Colors of My Plate
According to the USDA, half of your plate should be fruits and vegetables. Eating a diet high in fruits and vegetables is associated with reduced risk for many diseases and illnesses. Fruits and vegetables come in a rainbow of colors, each with different health benefits and positive effects on your body. See how many different colors you can incorporate into your meals each week!
Red bell peppers, tomatoes, tart cherries, cranberries, raspberries, rhubarb, pomegranates, or beets
Red fruits and vegetables are excellent sources of vitamin A, vitamin C, fiber and lycopene. These antioxidants are great for keeping your heart healthy and for fighting illnesses and colds!
Butternut squash, carrots, sweet potatoes, cantaloupes, oranges, pumpkins, orange peppers, nectarines, and peaches
Orange and yellow foods contain lots of antioxidants including vitamin C and beta-carotene. Consuming yellow and orange fruits and vegetables helps maintain good vision, teeth, bones, hair and healthy skin.
Bananas, yellow bell peppers, spaghetti squash, summer squash, yellow tomatoes
Yellow foods are packed with potassium, a mineral known for preventing muscle cramps. Eat yellow foods before or after working out to prevent cramping. Yellow foods are also a great source of vitamin B6, which helps with brain development.
Asparagus, broccoli, brussels sprouts, celery, cucumber, green apples, green onion, green peppers, green cabbage, lettuce, green beans, okra, spinach, zucchini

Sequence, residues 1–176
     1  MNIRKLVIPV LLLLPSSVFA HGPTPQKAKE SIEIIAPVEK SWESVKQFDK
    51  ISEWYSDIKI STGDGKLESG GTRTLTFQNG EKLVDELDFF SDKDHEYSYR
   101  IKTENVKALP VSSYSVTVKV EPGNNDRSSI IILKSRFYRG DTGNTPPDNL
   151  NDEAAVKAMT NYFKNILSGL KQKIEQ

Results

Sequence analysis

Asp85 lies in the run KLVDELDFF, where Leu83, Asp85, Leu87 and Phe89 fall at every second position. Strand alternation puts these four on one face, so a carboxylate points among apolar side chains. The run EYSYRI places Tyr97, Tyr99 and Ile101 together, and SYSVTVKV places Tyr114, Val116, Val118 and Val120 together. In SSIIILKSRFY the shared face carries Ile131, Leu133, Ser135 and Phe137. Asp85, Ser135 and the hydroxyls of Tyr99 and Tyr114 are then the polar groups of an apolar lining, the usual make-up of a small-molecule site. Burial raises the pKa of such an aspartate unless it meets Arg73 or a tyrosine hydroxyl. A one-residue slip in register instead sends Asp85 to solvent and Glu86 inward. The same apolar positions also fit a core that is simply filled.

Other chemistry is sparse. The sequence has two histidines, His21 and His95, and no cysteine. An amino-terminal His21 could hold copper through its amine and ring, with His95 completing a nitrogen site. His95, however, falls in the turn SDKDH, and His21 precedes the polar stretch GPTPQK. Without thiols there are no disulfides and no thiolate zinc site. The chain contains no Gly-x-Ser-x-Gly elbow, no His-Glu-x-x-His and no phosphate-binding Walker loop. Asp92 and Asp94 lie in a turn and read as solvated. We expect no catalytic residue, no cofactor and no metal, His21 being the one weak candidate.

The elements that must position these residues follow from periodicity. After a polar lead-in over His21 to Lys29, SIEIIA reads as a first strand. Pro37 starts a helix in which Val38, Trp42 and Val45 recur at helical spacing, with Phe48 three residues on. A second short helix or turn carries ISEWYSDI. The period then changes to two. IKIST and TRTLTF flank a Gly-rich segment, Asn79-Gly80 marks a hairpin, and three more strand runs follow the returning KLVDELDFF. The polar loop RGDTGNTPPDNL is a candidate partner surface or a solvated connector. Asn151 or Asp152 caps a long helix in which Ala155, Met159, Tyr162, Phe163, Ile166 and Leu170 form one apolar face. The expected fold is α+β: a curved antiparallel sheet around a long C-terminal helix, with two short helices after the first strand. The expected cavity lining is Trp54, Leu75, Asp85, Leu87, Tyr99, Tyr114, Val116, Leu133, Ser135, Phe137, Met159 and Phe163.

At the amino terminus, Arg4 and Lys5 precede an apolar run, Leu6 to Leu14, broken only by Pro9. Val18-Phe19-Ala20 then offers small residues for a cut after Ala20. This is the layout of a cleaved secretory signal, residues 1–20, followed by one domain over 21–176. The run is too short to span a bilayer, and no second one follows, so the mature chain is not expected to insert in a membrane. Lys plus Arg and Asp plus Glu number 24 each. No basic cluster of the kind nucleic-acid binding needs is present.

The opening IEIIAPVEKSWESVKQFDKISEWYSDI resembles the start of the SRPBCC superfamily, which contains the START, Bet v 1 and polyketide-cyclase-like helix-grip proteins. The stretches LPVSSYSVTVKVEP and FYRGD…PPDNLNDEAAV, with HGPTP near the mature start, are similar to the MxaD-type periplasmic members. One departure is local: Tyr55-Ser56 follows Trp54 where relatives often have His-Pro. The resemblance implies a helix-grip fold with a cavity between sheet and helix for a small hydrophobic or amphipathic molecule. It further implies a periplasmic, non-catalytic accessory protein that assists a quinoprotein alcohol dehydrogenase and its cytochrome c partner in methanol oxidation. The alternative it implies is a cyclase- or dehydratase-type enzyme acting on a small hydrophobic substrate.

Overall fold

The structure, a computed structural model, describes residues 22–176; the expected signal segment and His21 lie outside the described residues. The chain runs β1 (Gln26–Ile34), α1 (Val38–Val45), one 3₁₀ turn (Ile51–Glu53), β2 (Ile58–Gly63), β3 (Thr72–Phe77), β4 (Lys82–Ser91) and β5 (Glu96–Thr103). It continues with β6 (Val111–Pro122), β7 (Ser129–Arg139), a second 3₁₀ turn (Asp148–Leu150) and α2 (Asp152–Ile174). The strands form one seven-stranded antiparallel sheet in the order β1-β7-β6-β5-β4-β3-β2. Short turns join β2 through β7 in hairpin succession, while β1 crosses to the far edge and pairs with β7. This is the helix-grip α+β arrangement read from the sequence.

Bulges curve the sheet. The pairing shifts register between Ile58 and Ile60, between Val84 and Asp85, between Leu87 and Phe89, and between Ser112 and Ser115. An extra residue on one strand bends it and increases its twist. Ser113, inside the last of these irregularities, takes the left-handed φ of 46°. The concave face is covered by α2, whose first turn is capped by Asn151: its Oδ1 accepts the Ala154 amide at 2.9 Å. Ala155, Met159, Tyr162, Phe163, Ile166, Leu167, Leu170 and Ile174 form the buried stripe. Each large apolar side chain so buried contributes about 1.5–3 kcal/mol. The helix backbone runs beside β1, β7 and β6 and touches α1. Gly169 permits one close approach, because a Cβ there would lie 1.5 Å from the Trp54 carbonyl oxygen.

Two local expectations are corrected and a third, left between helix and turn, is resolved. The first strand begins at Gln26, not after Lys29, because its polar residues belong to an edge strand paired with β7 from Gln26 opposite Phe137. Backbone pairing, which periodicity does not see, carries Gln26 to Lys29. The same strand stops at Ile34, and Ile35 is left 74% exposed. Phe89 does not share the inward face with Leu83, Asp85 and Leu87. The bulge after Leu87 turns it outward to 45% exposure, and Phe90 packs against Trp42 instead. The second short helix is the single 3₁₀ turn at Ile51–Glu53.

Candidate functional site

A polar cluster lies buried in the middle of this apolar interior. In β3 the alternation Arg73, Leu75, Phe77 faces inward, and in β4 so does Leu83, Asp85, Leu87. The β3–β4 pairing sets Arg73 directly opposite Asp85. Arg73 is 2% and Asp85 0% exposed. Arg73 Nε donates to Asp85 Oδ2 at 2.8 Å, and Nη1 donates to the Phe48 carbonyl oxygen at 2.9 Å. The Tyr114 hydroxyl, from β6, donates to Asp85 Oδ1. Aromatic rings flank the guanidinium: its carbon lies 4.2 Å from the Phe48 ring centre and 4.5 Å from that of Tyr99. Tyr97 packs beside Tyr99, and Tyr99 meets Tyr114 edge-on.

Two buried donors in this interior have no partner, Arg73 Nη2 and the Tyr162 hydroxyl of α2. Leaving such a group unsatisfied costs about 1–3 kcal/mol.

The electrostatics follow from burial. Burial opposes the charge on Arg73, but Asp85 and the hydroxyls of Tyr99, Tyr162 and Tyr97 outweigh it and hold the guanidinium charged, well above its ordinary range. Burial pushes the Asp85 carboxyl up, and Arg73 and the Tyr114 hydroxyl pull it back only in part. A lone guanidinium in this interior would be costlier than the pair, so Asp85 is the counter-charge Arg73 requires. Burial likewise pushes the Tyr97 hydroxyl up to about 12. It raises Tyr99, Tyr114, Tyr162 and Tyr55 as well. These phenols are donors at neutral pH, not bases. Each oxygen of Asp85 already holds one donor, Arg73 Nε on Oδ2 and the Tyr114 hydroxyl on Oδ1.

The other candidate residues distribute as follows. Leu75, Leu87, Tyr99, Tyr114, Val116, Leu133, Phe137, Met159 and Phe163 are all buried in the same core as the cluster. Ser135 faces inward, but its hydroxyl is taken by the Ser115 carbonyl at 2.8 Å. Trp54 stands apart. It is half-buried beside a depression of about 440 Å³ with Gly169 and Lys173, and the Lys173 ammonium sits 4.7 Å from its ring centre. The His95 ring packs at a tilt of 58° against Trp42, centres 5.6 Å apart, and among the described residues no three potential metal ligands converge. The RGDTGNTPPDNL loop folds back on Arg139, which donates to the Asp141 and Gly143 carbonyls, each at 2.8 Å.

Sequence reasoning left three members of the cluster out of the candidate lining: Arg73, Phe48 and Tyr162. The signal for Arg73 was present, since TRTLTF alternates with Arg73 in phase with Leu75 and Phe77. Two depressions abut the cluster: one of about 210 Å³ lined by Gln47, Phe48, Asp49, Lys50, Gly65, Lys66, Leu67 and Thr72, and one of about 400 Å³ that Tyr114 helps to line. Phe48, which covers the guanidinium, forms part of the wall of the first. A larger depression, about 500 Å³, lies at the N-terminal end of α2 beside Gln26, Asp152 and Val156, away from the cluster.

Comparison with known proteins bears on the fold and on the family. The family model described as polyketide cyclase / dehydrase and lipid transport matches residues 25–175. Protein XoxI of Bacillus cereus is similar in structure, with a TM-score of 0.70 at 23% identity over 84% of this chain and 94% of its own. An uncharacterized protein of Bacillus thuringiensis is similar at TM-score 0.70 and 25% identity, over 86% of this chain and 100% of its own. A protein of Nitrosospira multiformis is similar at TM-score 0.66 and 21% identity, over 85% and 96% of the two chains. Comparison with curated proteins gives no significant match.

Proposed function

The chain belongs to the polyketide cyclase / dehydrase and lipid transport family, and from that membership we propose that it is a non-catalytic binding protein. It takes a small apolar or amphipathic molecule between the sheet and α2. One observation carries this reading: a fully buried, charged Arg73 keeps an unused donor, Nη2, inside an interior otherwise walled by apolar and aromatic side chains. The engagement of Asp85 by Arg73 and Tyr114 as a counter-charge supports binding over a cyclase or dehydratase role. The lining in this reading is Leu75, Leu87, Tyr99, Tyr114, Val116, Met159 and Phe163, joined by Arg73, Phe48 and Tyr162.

Green fruits and vegetables are packed with antioxidants. Adding more green to your plate helps keep your heart healthy, prevents you from getting sick and provides you with fiber, which is good for your digestion. Green foods also contain calcium which helps build strong bones.
Blueberries, blackberries, eggplant, grapes, purple cabbage, purple carrots, purple onions, purple sweet potatoes, plums, raisins
Blue and purple foods are packed with antioxidants that keep your heart, skin and bones healthy. The vitamins and minerals found in purple foods are known to prevent illness and help with digestion.
Cauliflower, garlic, jicama, leeks, mushrooms, onions, parsnips, potatoes, turnips, white corn
White vegetables are known for keeping your heart healthy. These fiber-filled foods are also a great source of vitamin C, which supports your immune system and prevents you from getting sick.
Learn More At Lowell School Dish Website